Word of the Week

Imagine Joy

Imagine Joy: Isaiah 35:1-10

We reversed the typical Advent order at Washington Plaza this year, doing joy last Sunday and will do peace this coming Sunday. The following is my sermon given on Sunday. The audio recording had a malfunction this week so I thought I'd post it here. Normally, if you are interested in any of the sermons, you can check this link to actually hear them. Blessings!

On this the second Sunday of Advent, we welcome JOY into this New Year, just as we welcomed hope last week.  There are several popular images of this word that you might have in mind upon learning that today is “Joy Sunday.”

 There is the concept of joy as circumstance producing happiness.

The feeling that comes when we reach that long-awaited wedding, or graduation ceremony, or milestone anniversary at work (when we thought we would never make it this far) . . . .  joy as an achievement of perfect circumstance. 

“I made it to this day!” we exclaim.

Then, there is the idea of joy as a feeling of the purest gleeful happiness.

Being happy is one thing, but being joyous is defined as an over the top level of this euphoric feeling. Joy as personified as that perky high school cheerleader that just has a plastered smile on their face at all times to the degree in which you wonder if she had Botox to keep it there because how could anyone possibly be happy all the time?

Joy also understood like the popular song that we often teach to our children (sing with me if you know it): “I’ve got the joy, joy, joy, down in my heart? Where? Down in my heart. Where? Down in my heart.  I’ve got the joy, joy, joy down in my heart to stay.” Joy is that feeling that bubbles over in us to make us really, really happy.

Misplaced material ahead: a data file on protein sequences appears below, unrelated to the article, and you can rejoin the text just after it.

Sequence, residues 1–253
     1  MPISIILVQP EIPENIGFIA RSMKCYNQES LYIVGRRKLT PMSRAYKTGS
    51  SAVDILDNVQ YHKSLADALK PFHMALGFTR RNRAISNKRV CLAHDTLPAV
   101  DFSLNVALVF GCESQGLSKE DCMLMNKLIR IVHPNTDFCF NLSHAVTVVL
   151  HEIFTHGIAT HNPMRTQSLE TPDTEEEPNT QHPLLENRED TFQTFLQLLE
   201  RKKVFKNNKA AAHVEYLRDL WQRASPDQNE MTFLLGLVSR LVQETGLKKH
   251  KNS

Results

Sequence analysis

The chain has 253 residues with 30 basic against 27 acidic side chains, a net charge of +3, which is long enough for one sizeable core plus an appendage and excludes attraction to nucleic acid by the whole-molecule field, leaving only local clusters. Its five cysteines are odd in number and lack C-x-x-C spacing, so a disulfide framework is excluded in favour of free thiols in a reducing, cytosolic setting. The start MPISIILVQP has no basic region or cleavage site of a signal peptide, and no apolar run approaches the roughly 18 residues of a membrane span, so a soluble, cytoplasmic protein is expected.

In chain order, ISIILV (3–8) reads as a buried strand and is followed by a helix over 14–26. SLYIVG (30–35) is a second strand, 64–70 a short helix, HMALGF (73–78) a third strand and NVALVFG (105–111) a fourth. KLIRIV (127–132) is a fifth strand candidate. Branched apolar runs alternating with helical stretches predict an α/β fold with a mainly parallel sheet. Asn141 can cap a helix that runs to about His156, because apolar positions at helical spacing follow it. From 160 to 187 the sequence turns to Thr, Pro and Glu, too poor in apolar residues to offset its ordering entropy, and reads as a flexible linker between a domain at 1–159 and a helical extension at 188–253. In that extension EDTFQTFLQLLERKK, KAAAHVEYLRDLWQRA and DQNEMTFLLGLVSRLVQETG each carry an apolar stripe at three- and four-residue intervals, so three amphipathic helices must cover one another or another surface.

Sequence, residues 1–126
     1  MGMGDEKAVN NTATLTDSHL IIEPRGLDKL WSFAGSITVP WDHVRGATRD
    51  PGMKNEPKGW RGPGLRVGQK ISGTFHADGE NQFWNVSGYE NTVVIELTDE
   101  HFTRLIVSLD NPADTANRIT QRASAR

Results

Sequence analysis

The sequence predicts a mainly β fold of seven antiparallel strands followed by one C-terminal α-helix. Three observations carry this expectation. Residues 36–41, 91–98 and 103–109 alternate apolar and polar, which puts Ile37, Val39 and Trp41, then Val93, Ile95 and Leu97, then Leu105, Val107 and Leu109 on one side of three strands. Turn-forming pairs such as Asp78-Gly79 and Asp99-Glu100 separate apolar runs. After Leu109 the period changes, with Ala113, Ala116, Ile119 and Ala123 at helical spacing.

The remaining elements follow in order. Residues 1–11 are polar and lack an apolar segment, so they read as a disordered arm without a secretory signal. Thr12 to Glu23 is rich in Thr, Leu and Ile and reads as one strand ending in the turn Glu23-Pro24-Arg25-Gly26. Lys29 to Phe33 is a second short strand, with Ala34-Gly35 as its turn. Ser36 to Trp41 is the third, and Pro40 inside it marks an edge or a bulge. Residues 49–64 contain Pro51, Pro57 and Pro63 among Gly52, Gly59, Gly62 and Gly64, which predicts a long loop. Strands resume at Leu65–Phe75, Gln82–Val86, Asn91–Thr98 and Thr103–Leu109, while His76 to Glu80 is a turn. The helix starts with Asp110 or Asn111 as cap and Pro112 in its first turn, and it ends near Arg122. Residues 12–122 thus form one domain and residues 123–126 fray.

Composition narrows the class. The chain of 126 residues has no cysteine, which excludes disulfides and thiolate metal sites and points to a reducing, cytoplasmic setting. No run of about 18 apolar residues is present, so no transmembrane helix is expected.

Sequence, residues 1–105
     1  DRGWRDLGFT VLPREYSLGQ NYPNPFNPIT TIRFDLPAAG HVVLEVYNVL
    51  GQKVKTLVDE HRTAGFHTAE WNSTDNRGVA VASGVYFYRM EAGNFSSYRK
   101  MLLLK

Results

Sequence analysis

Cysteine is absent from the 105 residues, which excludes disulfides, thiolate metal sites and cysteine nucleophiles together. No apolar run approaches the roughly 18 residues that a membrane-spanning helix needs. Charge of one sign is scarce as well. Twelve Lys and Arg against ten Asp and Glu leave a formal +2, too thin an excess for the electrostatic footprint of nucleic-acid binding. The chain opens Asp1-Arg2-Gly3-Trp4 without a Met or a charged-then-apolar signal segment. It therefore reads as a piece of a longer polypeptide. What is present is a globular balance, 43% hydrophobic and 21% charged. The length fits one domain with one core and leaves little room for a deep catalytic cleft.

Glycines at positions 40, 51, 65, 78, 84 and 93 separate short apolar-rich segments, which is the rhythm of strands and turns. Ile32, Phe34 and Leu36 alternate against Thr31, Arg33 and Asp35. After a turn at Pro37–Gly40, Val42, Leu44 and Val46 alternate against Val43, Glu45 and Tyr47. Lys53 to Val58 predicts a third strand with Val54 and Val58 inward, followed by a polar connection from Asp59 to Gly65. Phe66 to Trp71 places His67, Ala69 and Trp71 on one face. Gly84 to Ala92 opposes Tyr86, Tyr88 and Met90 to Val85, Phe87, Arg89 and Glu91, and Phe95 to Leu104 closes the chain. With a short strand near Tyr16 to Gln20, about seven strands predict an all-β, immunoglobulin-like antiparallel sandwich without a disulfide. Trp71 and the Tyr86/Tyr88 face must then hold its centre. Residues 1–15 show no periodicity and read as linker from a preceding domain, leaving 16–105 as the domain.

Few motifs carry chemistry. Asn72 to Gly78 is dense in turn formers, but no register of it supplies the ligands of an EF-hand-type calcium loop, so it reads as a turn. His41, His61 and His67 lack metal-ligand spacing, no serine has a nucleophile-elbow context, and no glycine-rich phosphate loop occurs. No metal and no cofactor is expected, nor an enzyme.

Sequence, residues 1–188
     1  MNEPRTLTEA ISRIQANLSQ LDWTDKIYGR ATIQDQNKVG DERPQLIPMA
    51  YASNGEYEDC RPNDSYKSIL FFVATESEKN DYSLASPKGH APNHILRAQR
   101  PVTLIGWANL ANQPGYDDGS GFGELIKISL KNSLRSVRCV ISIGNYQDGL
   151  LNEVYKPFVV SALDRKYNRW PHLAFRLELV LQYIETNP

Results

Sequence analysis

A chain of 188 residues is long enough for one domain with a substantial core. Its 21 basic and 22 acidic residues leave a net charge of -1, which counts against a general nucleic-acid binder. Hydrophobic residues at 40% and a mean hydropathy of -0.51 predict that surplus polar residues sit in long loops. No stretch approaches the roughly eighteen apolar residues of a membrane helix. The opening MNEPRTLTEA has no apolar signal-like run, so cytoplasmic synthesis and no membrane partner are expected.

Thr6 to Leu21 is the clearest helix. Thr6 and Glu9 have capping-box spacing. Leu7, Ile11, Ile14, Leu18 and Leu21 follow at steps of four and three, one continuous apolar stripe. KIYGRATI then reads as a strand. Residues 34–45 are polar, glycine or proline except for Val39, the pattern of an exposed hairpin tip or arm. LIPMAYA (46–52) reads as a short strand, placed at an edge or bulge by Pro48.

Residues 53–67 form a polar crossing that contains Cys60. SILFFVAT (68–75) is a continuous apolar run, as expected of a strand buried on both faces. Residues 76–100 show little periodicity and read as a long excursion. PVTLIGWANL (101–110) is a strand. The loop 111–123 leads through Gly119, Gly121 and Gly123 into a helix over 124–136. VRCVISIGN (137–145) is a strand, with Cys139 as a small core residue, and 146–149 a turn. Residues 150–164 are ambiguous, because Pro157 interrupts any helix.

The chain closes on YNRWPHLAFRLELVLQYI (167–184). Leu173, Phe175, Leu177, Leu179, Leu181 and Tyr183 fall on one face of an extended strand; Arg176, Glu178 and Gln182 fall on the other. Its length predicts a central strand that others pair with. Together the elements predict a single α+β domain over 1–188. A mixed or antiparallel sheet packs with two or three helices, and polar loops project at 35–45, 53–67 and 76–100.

And, in addition, there is that the idea of joy as selfless love.

This concept is perpetuated in some Christian circles like the one I grew up in where the acronym for the word Joy is spelled out J, for Jesus. Jesus first.

O, for others next.

And, last Y stands for yourself. You are last.

I remember a Sunday School teacher telling me once that “Jesus first, others next and yourself last” is the key to living a life of joy. If you want to be joyful, this concept says always put everyone else first, no exceptions. Joy is 100% about service of others.

Yet, if any of these three statements are indeed true to our experience, then Isaiah 35’s writing about joy in our lection for this morning might then seem a bit off-putting to us from the start.

Because in this word of prophecy, Isaiah’s audience is not experiencing a life climatic circumstance and they are not being advised to just being happy for the sake of being happy, nor are they engaging in self denigrating behavior on the behalf of others; instead this passage paints a picture of joy as a complete re-orientation of a worldview.  Joy comes as good news, yes, but also as a transformative process.

To really spend some time at this juncture in Isaiah, we have to understand a bit more about this transition in the book and how Chapter 35 fits into the larger message of the prophet.  Though we can’t tell from merely picking up our Bible and reading Isaiah from cover to cover, Isaiah is not one cohesive book, rather it is a collection of writings scribed at unique points in Israel’s history.

While scholars debate whether or not Isaiah is indeed two books in one or three, one thing that most agree on is that a huge break or shift in theme happens between Isaiah 39 and 40. With the first part of Isaiah being about judgment and the coming of exile, the second part of Isaiah focuses on a vision of restoration after exile has passed and beyond.

What we need then, to understand is that chapter 34 and 35 are bridges from the pre-exilic prophecies to the post. Or in other words these are two chapters that are really important because they speak to some of the most important truths about both who we are as human beings and who God is as well. Chapter 34 concludes the judgment oracles about those who chose not to walk in the ways of the LORD and Chapter 35 begins for the first time in Isaiah to talk about God’s intervention on behalf of all of humanity.

Thus, the significance of chapter 35 emerges as it becomes THE bridge text connecting Isaiah part one to part two—it’s the first sign of some new direction for this very lost group of people to begin to find their way back to what could restore them to wholeness. It’s a word about re-framing their lives in God’s story, not just what they saw right in front of their eyes.